5 Investment Myths & Misconceptions I Used To Believe

Before getting into my course in economics and studying personal finance in my own time, I had a lot of misconceptions that seem to be common place when it comes to investing. Thankfully my degree and own research taught me a lot about investment and have stopped me believing these misconceptions. However, many people within society still believe many myths and misconceptions about investment options. I will outline 5 common ones below and explain why they are not true.

1. Stocks are riskier than bonds

On the surface of things this seems true. Bonds are relatively low risk and as such tend to offer relatively small returns. However, a properly diversified portfolio such as blue-chip stocks or an S&P 500 index fund can also be low risk. The important factor to note here is to not worry about short-term drops. The stock market is extremely volatile on a month-to-month or even year-to-year basis, however over a period of 5+ years you are likely to see growth in your stocks.

2. Invest based on recent performance

A costly decision is to base your investment opportunities on the idea that recent performance of the investment opportunity will continue into the future. Asset classes tend to cycle and therefore something that is showing strong growth today is likely to experience a fall at some point in the future. It is therefore a far better idea to invest in quality, long-term investments which might perform poorly in the short run but may achieve greater success over the long run. A diversified investment portfolio will have winners and losers at any point in time, but will over the course give you a better opportunity to perform well.

3. Invest in what you know

There is a difference between doing your research into a new investment opportunity, and just investing in the things you think will be successful based on your previous experience. Familiarity is a good way to lead to an investment portfolio which is not diversified. Investing in what you know may feel like the safer bet, however you need to understand the opportunity, not necessarily be familiar with it. It is often easier for new investors to avoid this as they are new to everything in the first place. Those who have invested for longer however may fall into a trap of over concentrating on certain businesses or countries.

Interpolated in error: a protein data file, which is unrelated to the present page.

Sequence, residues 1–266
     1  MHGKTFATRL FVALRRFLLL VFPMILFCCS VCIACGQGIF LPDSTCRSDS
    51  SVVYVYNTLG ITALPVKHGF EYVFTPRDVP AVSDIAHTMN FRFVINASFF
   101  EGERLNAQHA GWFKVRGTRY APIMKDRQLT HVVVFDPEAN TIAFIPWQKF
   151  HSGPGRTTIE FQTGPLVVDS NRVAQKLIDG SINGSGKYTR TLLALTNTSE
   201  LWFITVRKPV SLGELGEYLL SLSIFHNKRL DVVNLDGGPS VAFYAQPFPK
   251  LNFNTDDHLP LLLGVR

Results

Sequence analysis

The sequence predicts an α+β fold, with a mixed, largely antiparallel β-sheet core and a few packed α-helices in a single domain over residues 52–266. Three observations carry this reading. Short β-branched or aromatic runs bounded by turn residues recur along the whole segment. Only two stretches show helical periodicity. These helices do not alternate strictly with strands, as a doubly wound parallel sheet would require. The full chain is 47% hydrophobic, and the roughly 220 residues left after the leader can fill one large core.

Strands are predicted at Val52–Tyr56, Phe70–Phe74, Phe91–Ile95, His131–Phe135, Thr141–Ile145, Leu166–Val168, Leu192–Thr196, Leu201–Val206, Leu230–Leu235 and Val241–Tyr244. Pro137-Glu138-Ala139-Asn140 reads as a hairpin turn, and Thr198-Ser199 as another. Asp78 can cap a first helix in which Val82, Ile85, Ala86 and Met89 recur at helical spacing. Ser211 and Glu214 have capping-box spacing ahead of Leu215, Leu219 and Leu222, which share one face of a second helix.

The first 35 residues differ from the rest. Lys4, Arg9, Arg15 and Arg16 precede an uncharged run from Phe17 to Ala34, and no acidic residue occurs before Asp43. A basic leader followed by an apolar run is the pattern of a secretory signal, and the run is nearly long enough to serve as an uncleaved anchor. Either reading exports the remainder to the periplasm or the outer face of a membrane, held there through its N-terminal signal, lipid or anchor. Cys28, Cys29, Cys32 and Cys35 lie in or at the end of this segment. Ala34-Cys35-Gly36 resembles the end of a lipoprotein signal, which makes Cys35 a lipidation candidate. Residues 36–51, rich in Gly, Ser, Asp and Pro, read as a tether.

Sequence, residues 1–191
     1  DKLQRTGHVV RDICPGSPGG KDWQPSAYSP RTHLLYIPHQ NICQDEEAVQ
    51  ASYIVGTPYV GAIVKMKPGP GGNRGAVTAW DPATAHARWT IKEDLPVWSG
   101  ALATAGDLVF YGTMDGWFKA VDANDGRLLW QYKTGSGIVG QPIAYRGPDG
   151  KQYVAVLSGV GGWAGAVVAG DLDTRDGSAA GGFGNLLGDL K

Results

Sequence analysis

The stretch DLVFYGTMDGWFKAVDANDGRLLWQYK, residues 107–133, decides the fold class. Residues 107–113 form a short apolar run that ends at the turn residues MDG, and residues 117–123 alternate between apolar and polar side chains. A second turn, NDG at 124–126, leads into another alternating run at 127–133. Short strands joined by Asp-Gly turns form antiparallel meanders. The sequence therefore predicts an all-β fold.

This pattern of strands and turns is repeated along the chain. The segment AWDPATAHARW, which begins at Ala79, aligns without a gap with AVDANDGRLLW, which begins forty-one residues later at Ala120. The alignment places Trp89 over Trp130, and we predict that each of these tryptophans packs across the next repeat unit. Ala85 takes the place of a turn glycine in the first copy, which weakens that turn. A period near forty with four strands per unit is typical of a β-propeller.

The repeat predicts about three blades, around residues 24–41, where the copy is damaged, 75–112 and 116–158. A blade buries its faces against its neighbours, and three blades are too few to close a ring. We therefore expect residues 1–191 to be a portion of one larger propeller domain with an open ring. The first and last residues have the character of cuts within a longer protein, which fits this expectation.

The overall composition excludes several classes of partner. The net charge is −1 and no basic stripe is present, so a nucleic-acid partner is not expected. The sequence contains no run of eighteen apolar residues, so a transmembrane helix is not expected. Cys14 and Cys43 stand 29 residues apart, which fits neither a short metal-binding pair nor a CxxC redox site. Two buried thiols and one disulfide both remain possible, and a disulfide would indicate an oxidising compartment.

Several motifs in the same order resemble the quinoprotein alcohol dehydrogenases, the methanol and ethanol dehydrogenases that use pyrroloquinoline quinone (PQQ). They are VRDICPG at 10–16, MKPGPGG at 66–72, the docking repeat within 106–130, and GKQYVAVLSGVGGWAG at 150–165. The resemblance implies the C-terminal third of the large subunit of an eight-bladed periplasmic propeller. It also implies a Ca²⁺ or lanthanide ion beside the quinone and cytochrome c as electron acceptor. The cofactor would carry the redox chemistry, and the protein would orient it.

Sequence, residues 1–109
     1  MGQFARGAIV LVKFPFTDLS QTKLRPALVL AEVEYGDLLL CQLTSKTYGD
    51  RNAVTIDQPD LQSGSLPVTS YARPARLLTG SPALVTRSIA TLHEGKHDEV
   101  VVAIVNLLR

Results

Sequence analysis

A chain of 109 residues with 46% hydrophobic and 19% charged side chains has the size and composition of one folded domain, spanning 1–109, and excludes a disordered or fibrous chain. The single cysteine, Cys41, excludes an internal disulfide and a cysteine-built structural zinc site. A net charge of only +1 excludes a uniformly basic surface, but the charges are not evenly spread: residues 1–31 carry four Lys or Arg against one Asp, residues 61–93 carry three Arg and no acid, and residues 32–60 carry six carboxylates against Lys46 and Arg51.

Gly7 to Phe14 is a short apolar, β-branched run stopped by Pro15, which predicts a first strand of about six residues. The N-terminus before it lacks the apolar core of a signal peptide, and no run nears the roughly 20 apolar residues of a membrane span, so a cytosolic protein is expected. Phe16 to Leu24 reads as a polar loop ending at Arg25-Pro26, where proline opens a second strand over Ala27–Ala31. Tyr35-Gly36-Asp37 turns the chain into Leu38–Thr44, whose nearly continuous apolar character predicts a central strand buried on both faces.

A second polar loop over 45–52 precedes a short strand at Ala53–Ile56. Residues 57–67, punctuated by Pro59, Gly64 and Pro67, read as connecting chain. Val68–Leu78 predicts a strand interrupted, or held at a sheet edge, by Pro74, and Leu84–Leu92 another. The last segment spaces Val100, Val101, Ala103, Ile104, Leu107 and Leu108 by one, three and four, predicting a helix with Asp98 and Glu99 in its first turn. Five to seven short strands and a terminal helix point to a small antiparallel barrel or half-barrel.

4. I’m not the type of person who invests

Surely me, as one person who doesn’t have the best insight into the world of investment, would be massively under equipped to go against massive corporations on Wall Street? This wasn’t made for me. Wrong. With the rise of low-cost index funds and mutual funds, the average person has the opportunity to invest in easy to manage solutions whilst still seeing a return. There is lots of information out there which can guide you through the process and it is a great way to improve your finances if you do it right.

5. Rational investments

It wouldn’t be a DiscussPF blog post without a bit of discussion on psychology. It is a topic I discuss a lot and it works here also. Traditional finance theory suggests individuals act rationally and therefore choose the best investment opportunity available to them after carefully considering all of the information available. This is simply not true, and investments can often be turned down that look risky on its own but would be a good inclusion to a diversified portfolio. We make decisions without considering all of the implications – known as narrow framing. This mainly happens by us considering investment opportunities one by one. Instead, we should take care to look at our investment opportunities as part of the bigger picture.


  1. GYM
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